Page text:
Retail is facing a universal issue – caution – and in great waves.

Peter Courtney

Consumers question how they spend, occupiers deliberate store portfolios and property owners are concerned about the contagion of CVAs creating an unfair playing field, yet also want to attract independents. The result? A vicious circle of uncertainty. Here are some predictions, brands to watch and musings on what’s next.

The internet has brought fundamental changes in shopping. However, a new cultural phenomenon has gained momentum: sustainability. Consumers are more aware of their impact and want to reduce it. This is set to increase as ‘Generation Z’, inspired by Greta Thunberg and the Extinction Rebellion, takes on greater spending power, and we must adapt.

We can expect more sustainable collections and more charity and secondhand shops. Primark already offers a sustainable range; Asda is launching an in-store charity shop; and Macy’s is teaming up with online thrift store thredUP. Last month, Oxfam pioneered #SecondHandSeptember to encourage us to rethink the month associated with Fashion Week.

Some F&B players have already changed, but those struggling must now follow suit. Operators must strike the right balance between mass market and quality – people want locally sourced produce and the market trend has led to greater expectation of a personal experience where you engage with those making your food. Similarly, no vegan options? No non-alcoholic beverages? It just won’t cut the mustard anymore.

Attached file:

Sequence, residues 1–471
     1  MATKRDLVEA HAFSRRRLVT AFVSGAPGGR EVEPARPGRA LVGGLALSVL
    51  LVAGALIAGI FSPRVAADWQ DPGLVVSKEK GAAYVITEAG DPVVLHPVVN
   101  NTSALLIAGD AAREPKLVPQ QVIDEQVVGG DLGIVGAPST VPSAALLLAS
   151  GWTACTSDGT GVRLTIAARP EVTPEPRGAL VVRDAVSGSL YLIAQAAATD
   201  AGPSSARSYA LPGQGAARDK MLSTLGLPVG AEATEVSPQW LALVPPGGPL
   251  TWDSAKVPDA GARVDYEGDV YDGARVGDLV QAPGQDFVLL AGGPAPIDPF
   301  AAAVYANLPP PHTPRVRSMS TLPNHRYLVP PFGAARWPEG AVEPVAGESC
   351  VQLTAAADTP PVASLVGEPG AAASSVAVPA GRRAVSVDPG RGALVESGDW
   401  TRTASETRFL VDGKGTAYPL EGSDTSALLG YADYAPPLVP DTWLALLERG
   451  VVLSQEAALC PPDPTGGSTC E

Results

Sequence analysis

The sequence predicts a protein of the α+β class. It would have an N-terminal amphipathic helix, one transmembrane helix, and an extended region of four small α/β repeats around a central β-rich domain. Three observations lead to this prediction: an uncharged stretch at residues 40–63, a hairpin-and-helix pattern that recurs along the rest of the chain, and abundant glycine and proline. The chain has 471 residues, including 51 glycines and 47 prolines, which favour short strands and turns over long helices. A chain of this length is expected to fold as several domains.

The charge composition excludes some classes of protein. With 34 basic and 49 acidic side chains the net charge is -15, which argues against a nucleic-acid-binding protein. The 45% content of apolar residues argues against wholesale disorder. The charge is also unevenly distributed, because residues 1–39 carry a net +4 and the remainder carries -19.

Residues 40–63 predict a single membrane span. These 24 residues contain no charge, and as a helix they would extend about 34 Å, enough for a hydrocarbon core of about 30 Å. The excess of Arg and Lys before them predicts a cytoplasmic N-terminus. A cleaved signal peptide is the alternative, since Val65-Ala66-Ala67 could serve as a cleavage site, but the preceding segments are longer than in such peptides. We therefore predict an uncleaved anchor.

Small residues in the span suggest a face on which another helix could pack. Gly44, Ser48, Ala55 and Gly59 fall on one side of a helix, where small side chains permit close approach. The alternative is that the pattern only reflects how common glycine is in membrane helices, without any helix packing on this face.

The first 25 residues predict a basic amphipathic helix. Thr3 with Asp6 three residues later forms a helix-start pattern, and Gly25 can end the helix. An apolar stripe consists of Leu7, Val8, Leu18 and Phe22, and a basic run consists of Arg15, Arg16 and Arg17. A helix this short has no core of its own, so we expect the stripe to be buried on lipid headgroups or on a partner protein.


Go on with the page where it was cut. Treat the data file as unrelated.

Source: Shutterstock/ steved_np3

Restaurant chain Loungers does this exceptionally well by combining locally tailored interiors with flexible menus. You enjoy the independent experience while benefiting from the mass-market price point. Another clear winner is Greggs (pictured): following the success of its vegan sausage roll, it is now producing vegan alternatives for all best-selling items.

Trends aside, some brands are just better structurally equipped to manage uncertainty. This is creating polarisation between those that are making decisions and moving forward and those that are not. Joules and Mountain Warehouse are in the former camp; both have focused on getting to know what their customers want.

Other brands worth watching are those focused on innovation. Hotel Chocolat refined its offer in terms of click & collect while staying true to its original product vision. It has created a sense of affordable luxury and chosen transport hubs and other high-footfall locations to attract a time-poor, opportunistic shopper.

I expect to see more growth in health and wellbeing. As minor cosmetic treatments become mainstream, specialist operators such as Therapy and UK Skin and Laser want the sort of accessible locations that traditional shopping centres and high streets provide.

The great thing about retail is its ability to innovate more quickly than other sectors. The problem is that bricks and mortar is expensive. Market forces are reducing rents and will continue to find a sustainable base. However, we need to re-look at the rating system. Yes, I am beating a well-known drum, but it would give an instantaneous solution and free up resources, allowing those struggling to innovate and evolve.

Peter Courtney is head of London at Lunson Mitchenall